The braids available at the sewing stores are just awful–medium sized acrylic yarn in very loose simple flat braid, and expensive too boot. They are too bulky, appropriate for heavy felted wool or canvas coats or blankets.

    I know this is not as nearly as interesting as your multi-color, multi-stitch braids, but would you be willing to apply your considerable experience and suggest a braid pattern for this application? It needs to be about 5/8″-3/4″ in width, (5/16″ -3/8″ after folding), I plan to sew the braid on by catching each yarn as it folds on the edge of braid and sewing (or crocheting) to the face of the sweater then wrap over edge and blind stitch to back side. My biggest concern is the need for maximum flexibility going around 90 degree curves to avoid puckers. It might work better if it is more flexible/supple in the center than on the edges, if that is even possible, and this is why I ask for your opinion rather than just proceed with a ‘plain flat braid’.

    I think it needs to be fairly flat (thin in height) so that when folded in half the double thickness is not too bulky for the medium weight double knit, and for the same reason I believe it should not be too tightly woven in order to follow the drape of the knit and to not make the edge too stiff. A hollow braid, while sturdier and perhaps more attractive, would probably end up being too bulky, but I bow to your greater knowledge.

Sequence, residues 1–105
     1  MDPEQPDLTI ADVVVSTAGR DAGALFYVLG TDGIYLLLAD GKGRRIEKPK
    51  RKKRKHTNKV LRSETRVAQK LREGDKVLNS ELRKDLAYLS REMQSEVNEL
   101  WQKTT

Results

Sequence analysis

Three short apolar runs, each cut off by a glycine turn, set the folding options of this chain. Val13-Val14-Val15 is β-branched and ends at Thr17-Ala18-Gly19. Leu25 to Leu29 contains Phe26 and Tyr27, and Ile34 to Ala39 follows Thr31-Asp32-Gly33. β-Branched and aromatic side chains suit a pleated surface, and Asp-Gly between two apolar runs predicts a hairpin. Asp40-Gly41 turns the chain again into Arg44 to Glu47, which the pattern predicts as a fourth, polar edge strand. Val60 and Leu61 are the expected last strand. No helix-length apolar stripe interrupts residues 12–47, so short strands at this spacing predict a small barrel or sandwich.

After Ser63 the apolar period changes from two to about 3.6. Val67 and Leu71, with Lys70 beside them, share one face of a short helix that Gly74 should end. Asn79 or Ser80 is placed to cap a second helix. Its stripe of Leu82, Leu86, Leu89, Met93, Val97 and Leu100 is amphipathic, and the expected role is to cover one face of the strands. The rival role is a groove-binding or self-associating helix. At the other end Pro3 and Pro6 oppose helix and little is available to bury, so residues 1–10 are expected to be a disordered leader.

It could have a doubled (raised) or decorative center line to help make it want to fold in half and to provide a sturdier, (perhaps squared?), more durable leading edge (after folding). I have some bobbins to help control the considerable length of each yarn since I’m hoping to have surround the entire piece with just one splice.

    Any help you could offer would be greatly appreciated. For some reason, even though I haven’t done that much braiding, (just a bit here and there for fun or short samples to try out a various designs), I’m fairly confident I’ll be able to do this after a short practice period, & I have plenty of yarn to practice with.

    Thanks for your time!

    • Hi Melanie, your yarn sounds beautiful, but it’s on the fine side for getting the width that you want, even doubled. The main issue is length, though – bobbins just don’t work for loop braiding. Up to almost twice your arm length is the most that is straightforward and easy to achieve, if you start braiding from the center point of your loops, instead of from an end point. See my post on Longer Loop Braids for some other ideas. Very long braids can be made with loop braiding, but it’s a lot to start out with! If the length is very important and you don’t want to deal with loop braiding workarounds, you might want to look into kumihimo braiding. Bobbins and long lengths say “kumihimo” to me!

      Other than those concerns, a flat braid sounds perfect. I suggest starting with the 5-loop square braid, then its flat variation, and practicing that until the moves feel natural. Then go up to a 7-loop square braid and its flat variation. Once you’ve learned those, both the “Spanish” braid of 7 loops and the double braids of 6, 8, and 10 loops (more complex braids) also have flat variations that would tend to be wider than flat “square” braids. (see my Tutorials index page.) Good luck and let me know if you have any more questions, either here or through my email ‘contact’ form (tab in top menu).